Partial Transcript: I came to Atlanta in the fall of 1958, having graduated from Florida State.
Segment Synopsis: Millner tells about founding and growing his own business after failing to find employment at more established corporations like Procter & Gamble and IBM. On the political side, Millner notes that while he was raised a Democrat, the 1964 presidential election made him reconsider, and he ultimately joined the Republican Party for Mack Mattingly in 1980.
Keywords: Adlai Stevenson; Atlanta Chamber of Commerce; Atlanta, Georgia; Barry Goldwater; Bob Bell; George Smathers; Ivan Allen, Jr.; Lyndon B. Johnson; William B. Hartsfield; Young Democrats; business establishment; crime; education
Partial Transcript: Before we really jump headfirst into politics, I'd like to talk about the company that you already mentioned, the Norrell Corporation.
Segment Synopsis: Millner discusses why he founded the Norrell Corporation, a supplemental staffing business, and why it brought him to Atlanta. He talks about how this business intersected with politics, particularly in the realm of minimum wage increases and industrialization of the U.S. economy.
Keywords: Wall Street Journal; Birmingham, Alabama; Jimmy Carter; Nashville, Tennessee; Sears Roebuck; college graduates; distribution; personnel company; service economy; warehousing
Partial Transcript: So you mention Lyndon Johnson, Barry Goldwater, that sort of Great Society election, how did you get involved in that election?
Segment Synopsis: Millner describes his limited political involvement in the 1960s and 1970s while he worked to grow his business. Millner focuses on his friendship with Jimmy Carter while Carter was in the Governor's Mansion and considering his initial presidential run.
Keywords: Bill Clinton; Buckhead, Georgia; Hamilton Jordan; Hubert Humphrey; Jody Powell; John F. Kennedy; National Association of Employment Services; Newt Gingrich; Paul Coverdell; corporate taxes; one-party system; party infrastructure; welfare programs
Partial Transcript: So you come on board in 1980 on Mack Mattingly's campaign.
Segment Synopsis: Millner recalls working on both Mack Mattingly's 1980 and 1986 campaigns as the chief fundraiser. Millner sees Mattingly's defeat to Wyche Fowler in 1986 as the result of a "wave election", comparing it to how he almost overcame Zell Miller in 1994 riding a pro-Republican wave.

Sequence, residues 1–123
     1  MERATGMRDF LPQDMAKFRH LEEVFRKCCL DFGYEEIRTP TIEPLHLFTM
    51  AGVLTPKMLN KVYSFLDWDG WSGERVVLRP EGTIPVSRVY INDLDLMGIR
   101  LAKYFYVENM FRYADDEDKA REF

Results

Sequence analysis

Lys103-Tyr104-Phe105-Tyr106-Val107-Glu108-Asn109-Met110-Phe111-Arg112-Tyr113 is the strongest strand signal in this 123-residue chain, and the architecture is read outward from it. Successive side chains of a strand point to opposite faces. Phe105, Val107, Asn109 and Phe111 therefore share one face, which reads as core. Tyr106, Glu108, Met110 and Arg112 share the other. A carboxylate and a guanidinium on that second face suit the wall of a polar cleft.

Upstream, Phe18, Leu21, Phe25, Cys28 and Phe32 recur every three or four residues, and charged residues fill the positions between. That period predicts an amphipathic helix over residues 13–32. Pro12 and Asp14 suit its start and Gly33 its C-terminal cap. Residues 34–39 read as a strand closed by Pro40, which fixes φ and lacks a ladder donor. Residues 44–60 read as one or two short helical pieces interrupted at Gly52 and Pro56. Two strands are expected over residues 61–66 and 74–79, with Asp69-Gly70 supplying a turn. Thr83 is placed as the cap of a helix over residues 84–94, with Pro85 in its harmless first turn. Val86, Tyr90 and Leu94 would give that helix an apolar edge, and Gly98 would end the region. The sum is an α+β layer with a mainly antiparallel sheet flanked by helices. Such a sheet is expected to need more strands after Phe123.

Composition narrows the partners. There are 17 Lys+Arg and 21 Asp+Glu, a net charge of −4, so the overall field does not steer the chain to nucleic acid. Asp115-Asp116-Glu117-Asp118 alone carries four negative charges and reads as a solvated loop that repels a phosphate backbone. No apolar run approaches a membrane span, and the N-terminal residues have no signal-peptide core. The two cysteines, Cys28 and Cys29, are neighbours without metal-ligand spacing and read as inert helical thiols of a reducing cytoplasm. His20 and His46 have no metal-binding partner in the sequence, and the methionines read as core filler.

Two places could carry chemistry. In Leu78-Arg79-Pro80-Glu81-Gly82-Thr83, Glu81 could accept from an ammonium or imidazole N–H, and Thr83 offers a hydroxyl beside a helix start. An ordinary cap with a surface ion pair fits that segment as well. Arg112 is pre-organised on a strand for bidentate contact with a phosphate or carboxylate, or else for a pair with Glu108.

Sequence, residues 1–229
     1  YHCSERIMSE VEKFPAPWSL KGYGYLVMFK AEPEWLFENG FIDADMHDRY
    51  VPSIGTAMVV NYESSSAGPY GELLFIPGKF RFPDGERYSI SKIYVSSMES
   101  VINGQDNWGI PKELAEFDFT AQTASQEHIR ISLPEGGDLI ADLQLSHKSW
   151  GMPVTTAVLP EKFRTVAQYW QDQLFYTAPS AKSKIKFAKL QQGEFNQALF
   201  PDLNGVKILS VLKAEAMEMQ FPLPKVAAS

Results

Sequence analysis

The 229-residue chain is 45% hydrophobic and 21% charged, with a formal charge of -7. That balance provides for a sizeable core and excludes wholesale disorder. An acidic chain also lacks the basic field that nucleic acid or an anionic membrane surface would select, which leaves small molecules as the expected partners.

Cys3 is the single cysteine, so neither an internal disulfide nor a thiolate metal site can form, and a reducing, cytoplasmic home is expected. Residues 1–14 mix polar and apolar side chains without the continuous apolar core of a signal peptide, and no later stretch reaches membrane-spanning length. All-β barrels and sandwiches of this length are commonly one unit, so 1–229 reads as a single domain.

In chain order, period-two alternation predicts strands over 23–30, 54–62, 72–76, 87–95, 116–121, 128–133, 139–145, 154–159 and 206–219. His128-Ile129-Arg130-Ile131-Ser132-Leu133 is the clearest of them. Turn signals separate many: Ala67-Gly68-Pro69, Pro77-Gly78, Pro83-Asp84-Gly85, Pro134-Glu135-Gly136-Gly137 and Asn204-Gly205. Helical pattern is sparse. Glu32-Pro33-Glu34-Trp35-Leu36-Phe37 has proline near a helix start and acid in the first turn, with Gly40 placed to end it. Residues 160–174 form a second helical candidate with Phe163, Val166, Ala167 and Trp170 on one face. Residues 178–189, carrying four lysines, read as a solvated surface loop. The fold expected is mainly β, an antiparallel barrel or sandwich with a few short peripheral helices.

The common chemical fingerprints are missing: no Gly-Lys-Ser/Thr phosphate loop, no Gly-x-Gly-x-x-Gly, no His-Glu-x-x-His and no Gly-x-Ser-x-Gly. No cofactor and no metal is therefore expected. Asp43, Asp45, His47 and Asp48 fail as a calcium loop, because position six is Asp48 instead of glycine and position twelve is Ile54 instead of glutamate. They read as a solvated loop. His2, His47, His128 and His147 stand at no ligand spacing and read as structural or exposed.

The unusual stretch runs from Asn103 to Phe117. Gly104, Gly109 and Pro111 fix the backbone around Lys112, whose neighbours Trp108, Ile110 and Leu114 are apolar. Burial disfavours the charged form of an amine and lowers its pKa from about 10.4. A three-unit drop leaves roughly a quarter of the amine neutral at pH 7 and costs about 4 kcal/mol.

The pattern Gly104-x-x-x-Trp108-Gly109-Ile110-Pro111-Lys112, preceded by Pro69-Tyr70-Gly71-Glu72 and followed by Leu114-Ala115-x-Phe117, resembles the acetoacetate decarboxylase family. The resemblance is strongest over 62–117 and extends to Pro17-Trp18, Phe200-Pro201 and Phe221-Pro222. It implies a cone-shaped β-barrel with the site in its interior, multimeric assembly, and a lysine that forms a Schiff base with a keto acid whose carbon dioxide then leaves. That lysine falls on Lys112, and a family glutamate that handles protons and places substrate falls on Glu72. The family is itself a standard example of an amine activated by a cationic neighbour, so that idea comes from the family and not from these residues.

Keywords: Herman Talmadge; Newt Gingrich; Ronald Reagan
Partial Transcript: Well, speaking of--I don't know if it was necessarily a wave election in '82, but there was definitely an anti-Reagan backlash in '82, and you were finance chair for Bob Bell.
Segment Synopsis: Millner shares an anecdote from the Bob Bell campaign for governor in 1982, which he believes demonstrates the campaign's general disorganization and dysfunction. Millner then remembers his cooperation with Paul Coverdell, with Millner working on Coverdell's 1992 Senate campaign, then Coverdell urging Millner to run for governor in 1994.
Keywords: Joe Frank Harris; Mack Mattingly; Thomasville, Georgia; fundraising
Partial Transcript: What compelled you to leave the business world and enter the world of party politics, elected politics?
Segment Synopsis: Millner explains why he opted to run for office in 1994, noting that his business experience allowed him to win the Republican primary. However, he states that his personality also led to his own defeat in the general election, as it alienated many rural voters.
Keywords: Cobb County, Georgia; DeKalb County, Georgia; Gwinnett County, Georgia; John Knox; Paul Heard; Sonny Perdue; University of Georgia; Zell Miller; Zig Ziglar; agriculture; campaign experiences; metro Atlanta; policy issues; south Georgia; voter connection
Partial Transcript: Why did you jump into the Senate campaign?
Segment Synopsis: Millner elaborates on his rationale for running for U.S. Senate in 1996 after failing in the gubernatorial race in 1994. Millner articulates that his loss came from the strength of his opponent Max Cleland, who had no voting record to criticize and whose injuries (being a triple-amputee from the Vietnam War) made character attacks politically unfeasible.
Keywords: Georgia Chamber of Commerce; Jack Kingston; Johnny Isakson; Sam Nunn; Saxby Chambliss; TV advertisements; Ted Cruz; Tom Murphy; attack ads; name recognition
Partial Transcript: So after '96, you've ran two hard primaries, two hard general elections.